It's still hard to accept the fact that we've moved on from truly unlimited data to the era of tiered and throttled data plans. Gone are the days of being able to use 30 or more gigabytes of data from your phone without being penalized in one way or another from your carrier.
As it stands, Sprint is currently the only national carrier left that has continued to offer completely unlimited data without any stipulations. T-Mobile has adopted tiered plans where your data is throttled once you reach your data cap. And the two largest wireless providers in the States, Verizon and AT&T, have also put tiered plans in place, where the customer is automatically charged an overage fee – $10 per gigabyte until the end of the billing cycle – once they hit their cap.
The worst part is that there aren't any plans offered for power users anymore. Last month, we asked our readers how much data they use on average per month. Responses ranged from just a few hundred megabytes to north of 35GB in a single billing cycle. The largest cap offered by the major providers (excluding Sprint) is 12GB – offered by Verizon, which is actually a 10GB plan with the hotspot add on. This plan costs a staggering $100 per month.
Lucky for customers that already had an account with Verizon or AT&T, though, they were allowed to remain grandfathered into their unlimited data plans. But the ability to keep unlimited data didn't come without a hitch. Users with grandfathered, unlimited data plans are now subject to throttled data at a moment's notice and the carrier's discretion.
Both Verizon and AT&T admitted that they have started throttling data, but the claim is that it only affects the top five percent of users.
Five percent sounds like it should be a relatively low number. But when you consider just how many subscribers there are, it's a pretty significant figure. Verizon alone claims to have about 92.2 million retail customers. In their latest earnings report, it was noted that smartphone penetration has reached 44 percent, roughly 40.6 million subscribers. Doing the math (not counting those that use data on feature phones or those who may already be on tiered plans), the top five percent of data users equates to a very rough estimate of two million subscribers subjected to throttled speeds every month.
What's worse is that when you get throttled on Verizon, you remained throttled for the remainder of the billing period and the following month, too. With AT&T or T-Mobile, if you get throttled, your data speeds will return to normal once the billing cycle ends.
The whole idea of tiered plans and throttling is to relieve some of the stress on their "over-encumbered" networks. However, according to a recent study, throttling those pesky, lingering unlimited plans has little to no effect on consumers – other than being a nuisance and causing a bit of angst, that is. Zach Epstein of BGR reports:
"Validas extracted data from more than 55,000 cell phone bills belonging to AT&T and Verizon subscribers from 2011, and the firm sought to determine whether or not data throttling is necessary. According to Validas findings, throttling may indeed simply be a ploy to push unlimited users into newer tiered plans."
This isn't all that surprising, really. At least it shouldn't be. But it's certainly frustrating for the millions of subscribers who have been allowed to keep their old plans. I don't recall my unlimited data plan that I signed up for back in 2006 being throttled. Being threatened with throttled speeds hardly makes it the same plan it used to be, and negates both of the terms "grandfathered" and "unlimited" altogether. What's more are Validas' findings.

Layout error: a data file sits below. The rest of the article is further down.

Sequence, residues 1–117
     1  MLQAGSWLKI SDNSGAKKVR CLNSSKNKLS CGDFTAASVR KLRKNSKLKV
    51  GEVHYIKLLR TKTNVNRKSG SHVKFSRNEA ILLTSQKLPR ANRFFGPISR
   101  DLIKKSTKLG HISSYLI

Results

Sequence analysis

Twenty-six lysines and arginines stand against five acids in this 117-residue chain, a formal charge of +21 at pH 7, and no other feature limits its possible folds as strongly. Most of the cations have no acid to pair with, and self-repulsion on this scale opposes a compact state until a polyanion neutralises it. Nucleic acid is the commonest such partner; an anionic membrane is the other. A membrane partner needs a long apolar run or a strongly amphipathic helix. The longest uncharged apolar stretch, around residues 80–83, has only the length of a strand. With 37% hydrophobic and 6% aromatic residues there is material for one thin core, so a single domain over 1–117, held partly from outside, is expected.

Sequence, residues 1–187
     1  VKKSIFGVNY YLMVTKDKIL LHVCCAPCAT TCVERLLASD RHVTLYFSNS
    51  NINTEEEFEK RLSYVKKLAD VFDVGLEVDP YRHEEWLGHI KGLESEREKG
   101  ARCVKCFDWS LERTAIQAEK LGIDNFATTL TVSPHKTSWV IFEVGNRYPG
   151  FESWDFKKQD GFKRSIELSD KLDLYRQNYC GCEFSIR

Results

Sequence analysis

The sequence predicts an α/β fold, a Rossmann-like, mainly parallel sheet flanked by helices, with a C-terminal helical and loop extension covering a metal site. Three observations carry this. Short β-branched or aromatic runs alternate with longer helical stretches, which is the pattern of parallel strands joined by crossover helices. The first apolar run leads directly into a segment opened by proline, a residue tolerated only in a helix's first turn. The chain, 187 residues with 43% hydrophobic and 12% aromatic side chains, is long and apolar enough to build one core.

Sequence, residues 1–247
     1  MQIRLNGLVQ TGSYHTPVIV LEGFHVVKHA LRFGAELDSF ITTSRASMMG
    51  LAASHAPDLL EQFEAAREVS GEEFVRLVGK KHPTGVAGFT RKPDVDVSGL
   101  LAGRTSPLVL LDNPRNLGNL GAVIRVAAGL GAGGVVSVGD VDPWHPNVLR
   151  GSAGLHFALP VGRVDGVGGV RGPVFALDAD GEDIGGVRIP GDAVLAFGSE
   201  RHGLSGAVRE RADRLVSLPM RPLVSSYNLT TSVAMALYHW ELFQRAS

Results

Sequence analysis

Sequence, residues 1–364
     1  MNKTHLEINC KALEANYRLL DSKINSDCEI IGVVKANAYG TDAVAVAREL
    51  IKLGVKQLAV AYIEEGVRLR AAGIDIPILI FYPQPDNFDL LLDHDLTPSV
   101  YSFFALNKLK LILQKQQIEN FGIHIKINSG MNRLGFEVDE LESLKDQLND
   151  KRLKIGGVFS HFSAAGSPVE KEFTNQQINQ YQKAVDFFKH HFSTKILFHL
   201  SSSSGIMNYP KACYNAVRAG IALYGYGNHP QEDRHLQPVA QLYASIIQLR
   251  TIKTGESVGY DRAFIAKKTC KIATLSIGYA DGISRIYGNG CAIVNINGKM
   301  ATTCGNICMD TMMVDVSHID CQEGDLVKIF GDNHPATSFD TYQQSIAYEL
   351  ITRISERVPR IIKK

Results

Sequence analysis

“When we look at the top 5% of data users, there is virtually no difference in data consumption between those on unlimited and those on tiered plans—and yet the unlimited consumers are the ones at risk of getting their service turned off.
So it’s curious that anyone would think the throttling here represents a serious effort at alleviating network bandwidth issues. After all, Sprint does seemingly fine maintaining non-throttled unlimited data for its customers."
Frankly, throttling doesn't bother me – when it's predetermined or absolutely necessary to maintain the quality of the network. I have a 2GB plan with T-Mobile. I pay less for it, so when I hit the 2GB cap, it's hard for me to be frustrated.
However, on a plan that is listed as "unlimited," it's tough to not get mad when you are getting throttled for using less data than someone on a tiered plan who is paying the same amount. In other words, users are getting throttled at 2GB, or sometimes less, on unlimited plans on AT&T's network. The unlimited data plan costs $30 per month, which is the same price as the largest tiered plan AT&T offers. That tiered plan, however, allows the customer to use 3GB before getting charged an overage fee.
If it has little effect on usage, then what's the point in throttling?
They're making unlimited data plans unpleasant for users, and choking power users out. And worst of all, they're not giving them enough viable options when it comes to tiered plans either. They're astronomically high for anyone who uses a substantial amount of data each month. To use 10GB per month (which is low for some users) on AT&T, it would cost $100 per month. So data heavy consumers are either forced to cope with turtle speeds or empty pockets.
What are you thoughts on throttled data, AT&T and Verizon customers? Is it a necessary step to control consumption and maintain the quality of the networks? Or is it just a ploy to choke users out and force them to transition to tiered plans? Have you ever been throttled? If so, at what point?